Dr. Lorna Breen who works in the emergency room of the NewYork-Presbyterian Allen Hospital died by suicide this week. It was a piece of shocking news as the doctor has been tending to COVID-19 patients and was so dedicated to fulfilling her duties even if it was risky. 

In fact, she caught the virus herself but recovered. Her father who is also a doctor told The New York Times that after recovering from the coronavirus infection, she returned to the E.R. just a week and a half later. It was said that since it was a risky situation, her family decided to intervene to convince her to stay home and brought her to their house in Charlottesville, Virginia where she took her life.

Now, her sister, Jennifer Feist and her husband Corey, recently appeared on “Today Show” to talk about her life and death. She stressed that the stressful working conditions in the E.R. as a frontline worker in this time of pandemic played a big part in her sister’s decision to end her life. 

Feist further said that since her sister was also infected by COVID-19, she believes that the virus “altered" her brain that resulted for Breen to make such an extreme decision. 

“She had COVID. And I believe that it altered her brain, and then she went back to the most horrific, unimaginable conditions,” Feist told show host Savannah Guthrie when asked if Breen’s work condition in the hospital was strenuous. “And for somebody whose life’s calling is helping people, and she just couldn’t help enough people. And the combination was just untenable.”

Feist went on to say that her sister worked more than 12 hours per shift in a surrounding that Breen described as Armageddon-like because of the massive number of people who are sick and they don’t have enough equipment to tend to them all. She also witnessed many deaths at the height of the COVID-19 pandemic and Breen felt bad that she was not able to help everyone.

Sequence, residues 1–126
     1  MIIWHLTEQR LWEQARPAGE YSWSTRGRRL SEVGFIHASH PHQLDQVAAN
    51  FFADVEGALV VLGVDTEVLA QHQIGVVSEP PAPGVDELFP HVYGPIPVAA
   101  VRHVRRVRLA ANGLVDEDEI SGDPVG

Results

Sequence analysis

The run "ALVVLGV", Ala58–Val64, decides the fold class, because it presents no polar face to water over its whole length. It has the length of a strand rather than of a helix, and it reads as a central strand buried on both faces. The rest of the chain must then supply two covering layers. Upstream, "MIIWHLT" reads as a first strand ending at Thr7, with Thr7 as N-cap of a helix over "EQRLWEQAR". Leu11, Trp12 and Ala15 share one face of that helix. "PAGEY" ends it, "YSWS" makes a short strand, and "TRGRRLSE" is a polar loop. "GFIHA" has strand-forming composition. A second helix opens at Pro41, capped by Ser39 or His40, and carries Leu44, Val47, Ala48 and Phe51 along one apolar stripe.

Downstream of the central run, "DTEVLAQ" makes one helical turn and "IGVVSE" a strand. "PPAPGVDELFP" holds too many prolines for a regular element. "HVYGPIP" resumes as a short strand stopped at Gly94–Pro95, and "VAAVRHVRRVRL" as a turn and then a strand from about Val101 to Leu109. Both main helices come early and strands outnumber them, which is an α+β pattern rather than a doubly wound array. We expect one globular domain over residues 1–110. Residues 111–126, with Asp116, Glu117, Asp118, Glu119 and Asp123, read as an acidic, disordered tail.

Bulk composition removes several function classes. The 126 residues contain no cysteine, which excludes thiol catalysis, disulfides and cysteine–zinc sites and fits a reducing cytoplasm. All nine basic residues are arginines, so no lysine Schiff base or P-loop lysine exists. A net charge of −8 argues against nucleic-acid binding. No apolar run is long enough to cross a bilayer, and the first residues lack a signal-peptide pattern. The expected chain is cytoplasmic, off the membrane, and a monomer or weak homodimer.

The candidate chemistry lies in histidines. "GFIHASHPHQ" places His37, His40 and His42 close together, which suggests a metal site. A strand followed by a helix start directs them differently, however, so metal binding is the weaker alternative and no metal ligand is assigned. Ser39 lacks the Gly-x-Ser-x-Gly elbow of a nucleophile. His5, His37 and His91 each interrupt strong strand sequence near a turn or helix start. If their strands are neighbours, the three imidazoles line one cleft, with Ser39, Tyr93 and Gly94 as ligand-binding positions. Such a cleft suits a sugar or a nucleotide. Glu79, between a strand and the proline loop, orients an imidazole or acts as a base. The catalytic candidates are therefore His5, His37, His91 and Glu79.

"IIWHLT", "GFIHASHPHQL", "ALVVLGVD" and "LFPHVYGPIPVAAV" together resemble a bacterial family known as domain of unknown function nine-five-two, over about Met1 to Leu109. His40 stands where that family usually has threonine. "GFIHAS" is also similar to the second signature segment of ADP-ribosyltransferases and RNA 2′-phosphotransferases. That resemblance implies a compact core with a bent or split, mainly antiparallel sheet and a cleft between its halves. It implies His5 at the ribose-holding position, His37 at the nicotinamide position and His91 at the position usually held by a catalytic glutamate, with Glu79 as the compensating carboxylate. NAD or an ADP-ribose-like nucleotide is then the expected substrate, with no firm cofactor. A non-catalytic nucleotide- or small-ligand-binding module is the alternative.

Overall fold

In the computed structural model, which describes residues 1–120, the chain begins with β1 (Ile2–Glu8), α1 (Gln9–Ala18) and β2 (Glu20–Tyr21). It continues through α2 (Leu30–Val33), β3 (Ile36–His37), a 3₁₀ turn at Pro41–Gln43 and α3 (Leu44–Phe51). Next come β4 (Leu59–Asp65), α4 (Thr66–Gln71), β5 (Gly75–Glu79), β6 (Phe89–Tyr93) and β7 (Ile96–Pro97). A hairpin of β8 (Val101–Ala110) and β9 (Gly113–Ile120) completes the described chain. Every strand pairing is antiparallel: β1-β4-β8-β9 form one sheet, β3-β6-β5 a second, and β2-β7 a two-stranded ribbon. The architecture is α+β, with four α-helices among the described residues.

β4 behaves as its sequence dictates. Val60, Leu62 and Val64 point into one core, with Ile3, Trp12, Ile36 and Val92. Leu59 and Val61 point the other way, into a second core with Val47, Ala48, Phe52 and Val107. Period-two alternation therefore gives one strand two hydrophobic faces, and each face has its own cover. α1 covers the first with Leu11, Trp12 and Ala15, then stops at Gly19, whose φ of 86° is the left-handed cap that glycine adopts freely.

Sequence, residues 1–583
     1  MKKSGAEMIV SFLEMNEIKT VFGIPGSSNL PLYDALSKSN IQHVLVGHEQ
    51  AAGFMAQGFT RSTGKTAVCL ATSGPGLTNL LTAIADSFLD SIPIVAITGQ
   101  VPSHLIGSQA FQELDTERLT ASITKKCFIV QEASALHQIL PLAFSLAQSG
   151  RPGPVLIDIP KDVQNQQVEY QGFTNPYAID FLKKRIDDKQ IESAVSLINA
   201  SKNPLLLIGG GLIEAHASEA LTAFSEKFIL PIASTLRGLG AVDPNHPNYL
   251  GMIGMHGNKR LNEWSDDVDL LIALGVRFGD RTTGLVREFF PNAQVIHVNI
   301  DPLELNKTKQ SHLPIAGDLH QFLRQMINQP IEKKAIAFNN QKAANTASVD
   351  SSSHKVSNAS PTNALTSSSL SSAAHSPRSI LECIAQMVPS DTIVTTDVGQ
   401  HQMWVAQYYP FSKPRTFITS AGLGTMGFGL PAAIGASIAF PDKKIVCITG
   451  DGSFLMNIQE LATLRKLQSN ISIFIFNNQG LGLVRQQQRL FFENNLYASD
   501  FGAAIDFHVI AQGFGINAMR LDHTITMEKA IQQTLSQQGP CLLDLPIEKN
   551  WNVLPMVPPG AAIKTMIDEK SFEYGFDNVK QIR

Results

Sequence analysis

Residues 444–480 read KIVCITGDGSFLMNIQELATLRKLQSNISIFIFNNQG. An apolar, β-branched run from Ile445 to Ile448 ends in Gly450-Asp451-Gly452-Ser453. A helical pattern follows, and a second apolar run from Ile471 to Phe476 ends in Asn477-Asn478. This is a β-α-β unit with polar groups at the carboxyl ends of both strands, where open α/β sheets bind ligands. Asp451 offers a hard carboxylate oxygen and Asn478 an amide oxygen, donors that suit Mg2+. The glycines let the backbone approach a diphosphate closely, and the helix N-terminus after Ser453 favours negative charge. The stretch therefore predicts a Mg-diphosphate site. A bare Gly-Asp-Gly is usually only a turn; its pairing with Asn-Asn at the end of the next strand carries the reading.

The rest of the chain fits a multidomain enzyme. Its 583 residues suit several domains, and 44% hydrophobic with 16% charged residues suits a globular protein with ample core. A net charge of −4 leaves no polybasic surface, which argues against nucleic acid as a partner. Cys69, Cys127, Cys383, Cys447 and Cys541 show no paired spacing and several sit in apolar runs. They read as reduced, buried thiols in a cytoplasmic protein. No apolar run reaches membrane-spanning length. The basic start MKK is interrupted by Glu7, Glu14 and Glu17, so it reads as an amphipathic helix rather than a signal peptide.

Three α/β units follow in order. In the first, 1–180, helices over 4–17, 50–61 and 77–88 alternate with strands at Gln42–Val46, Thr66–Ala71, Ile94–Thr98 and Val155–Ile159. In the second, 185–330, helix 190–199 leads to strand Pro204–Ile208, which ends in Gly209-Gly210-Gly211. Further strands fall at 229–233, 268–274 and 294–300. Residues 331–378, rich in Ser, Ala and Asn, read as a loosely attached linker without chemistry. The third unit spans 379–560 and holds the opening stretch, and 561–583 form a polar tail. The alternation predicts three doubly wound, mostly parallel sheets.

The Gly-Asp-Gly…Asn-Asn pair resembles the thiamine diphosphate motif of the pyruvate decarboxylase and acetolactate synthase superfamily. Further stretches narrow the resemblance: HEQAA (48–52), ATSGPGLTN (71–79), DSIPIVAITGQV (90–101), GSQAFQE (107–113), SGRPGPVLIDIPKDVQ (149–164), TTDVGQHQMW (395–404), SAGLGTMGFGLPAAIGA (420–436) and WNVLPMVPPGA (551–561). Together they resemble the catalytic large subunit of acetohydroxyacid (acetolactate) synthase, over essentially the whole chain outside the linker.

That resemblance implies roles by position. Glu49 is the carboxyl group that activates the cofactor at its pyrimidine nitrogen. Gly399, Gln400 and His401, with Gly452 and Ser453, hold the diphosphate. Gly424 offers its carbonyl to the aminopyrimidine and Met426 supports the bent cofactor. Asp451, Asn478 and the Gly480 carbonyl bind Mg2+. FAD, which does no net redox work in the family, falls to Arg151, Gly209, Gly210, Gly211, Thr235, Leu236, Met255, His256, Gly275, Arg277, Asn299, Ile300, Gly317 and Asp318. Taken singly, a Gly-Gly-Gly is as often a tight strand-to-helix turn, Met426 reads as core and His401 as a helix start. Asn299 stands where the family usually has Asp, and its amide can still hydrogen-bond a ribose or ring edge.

Feist said that her sister told her, “There are so many sick people everywhere. I can't leave. Nobody's leaving. I have to stay and help.” 

Because she can’t stop working and her workplace is always hectic, Breen’s family thinks that her mental health was affected. For speaking out to the public about her sister, Guthrie said that she hopes that health officials will support the mental and physical well-being of frontliners and other health care workers who work to save people from the pandemic. 

"She couldn't stop working, and she certainly couldn't tell anybody she was struggling,” Feist said. “And that needs to be a conversation that changes. People need to be able to say they're suffering and to take a break."

Coronavirus COVID-19 Doctors New York, USA Doctors test hospital staff with flu-like symptoms for coronavirus (COVID-19) in set-up tents to triage possible COVID-19 patients outside before they enter the main Emergency department area at St. Barnabas hospital in the Bronx on March 24, 2020 in New York City. New York City has about a third of the nation’s confirmed coronavirus cases, making it the center of the outbreak in the United States. Misha Friedman/Getty Images